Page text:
This Hubble Space Telescope image shows the famous Pillars of Creation in the Eagle Nebula (M16), 6,500 light-years away.
The towering pillars of gas and dust are about 5 light-years tall. The pillars are bathed in the blistering ultraviolet light from a grouping of young, massive stars located off the top of the image. Streamers of gas can be seen bleeding off the pillars as the intense radiation heats and evaporates it into space. Denser regions of the pillars are shadowing material beneath them from the powerful radiation. Stars are being born deep inside the pillars, which are made of cold hydrogen gas laced with dust.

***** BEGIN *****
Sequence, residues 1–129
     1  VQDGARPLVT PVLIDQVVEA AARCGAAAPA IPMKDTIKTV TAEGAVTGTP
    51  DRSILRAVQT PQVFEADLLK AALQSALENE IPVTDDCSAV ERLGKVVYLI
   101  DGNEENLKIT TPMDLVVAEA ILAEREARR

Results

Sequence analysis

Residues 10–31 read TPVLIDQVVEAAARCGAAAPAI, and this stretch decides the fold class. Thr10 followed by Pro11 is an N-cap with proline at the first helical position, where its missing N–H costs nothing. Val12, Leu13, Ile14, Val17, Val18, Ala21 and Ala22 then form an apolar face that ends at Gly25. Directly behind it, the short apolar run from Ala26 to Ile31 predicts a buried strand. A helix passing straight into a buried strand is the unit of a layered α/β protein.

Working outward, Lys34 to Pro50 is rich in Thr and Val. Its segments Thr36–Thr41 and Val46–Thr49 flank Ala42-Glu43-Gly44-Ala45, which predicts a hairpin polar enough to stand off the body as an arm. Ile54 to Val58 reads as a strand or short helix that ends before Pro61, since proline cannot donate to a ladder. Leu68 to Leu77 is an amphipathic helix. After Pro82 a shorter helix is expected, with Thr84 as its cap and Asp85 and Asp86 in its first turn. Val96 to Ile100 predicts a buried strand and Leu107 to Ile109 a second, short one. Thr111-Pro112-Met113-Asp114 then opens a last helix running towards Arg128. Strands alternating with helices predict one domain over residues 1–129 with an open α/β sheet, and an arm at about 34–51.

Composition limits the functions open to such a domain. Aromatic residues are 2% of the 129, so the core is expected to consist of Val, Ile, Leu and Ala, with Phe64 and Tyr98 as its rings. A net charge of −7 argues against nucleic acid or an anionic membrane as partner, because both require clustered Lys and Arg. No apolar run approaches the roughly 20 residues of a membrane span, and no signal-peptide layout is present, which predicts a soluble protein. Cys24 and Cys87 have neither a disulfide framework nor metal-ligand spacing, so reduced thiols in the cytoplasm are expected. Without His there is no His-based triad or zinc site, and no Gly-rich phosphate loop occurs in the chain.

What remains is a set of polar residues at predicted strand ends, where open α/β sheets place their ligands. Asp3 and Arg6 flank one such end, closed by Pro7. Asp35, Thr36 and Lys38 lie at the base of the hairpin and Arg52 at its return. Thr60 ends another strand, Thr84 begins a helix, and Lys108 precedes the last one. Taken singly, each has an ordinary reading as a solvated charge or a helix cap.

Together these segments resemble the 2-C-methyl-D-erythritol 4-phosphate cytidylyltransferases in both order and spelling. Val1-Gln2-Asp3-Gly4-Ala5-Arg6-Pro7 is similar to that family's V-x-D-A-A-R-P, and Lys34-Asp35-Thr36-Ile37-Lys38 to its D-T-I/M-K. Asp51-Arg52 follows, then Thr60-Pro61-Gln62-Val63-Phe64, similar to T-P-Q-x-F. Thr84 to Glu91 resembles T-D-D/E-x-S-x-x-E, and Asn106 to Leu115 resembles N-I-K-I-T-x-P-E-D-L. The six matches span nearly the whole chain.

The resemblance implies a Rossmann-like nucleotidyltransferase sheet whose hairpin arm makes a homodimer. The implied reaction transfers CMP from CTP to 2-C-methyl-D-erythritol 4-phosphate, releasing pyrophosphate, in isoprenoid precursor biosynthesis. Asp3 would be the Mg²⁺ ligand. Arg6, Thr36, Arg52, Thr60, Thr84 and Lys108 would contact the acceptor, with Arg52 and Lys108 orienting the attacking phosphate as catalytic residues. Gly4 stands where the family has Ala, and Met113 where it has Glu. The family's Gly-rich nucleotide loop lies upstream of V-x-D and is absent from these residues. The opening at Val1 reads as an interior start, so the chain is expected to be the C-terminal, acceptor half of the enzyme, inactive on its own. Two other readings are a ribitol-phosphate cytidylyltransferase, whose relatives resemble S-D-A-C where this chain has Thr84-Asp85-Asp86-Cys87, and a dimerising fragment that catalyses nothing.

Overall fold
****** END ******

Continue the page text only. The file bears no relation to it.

The dark, finger-like feature at bottom right may be a smaller version of the giant pillars.
The colors in the image highlight emission from several chemical elements. Oxygen emission is blue, sulfur is orange, and hydrogen and nitrogen are green.
Astronomers assembled this view by combining several Hubble exposures taken in September 2014 with the Wide Field Camera 3.
Hubble originally imaged the Pillars of Creation in 1995 with the Wide Field and Planetary Camera 2. This newer image presents a wider and sharper view than the original.
Credit: NASA, ESA, and the Hubble Heritage Team (STScI/AURA)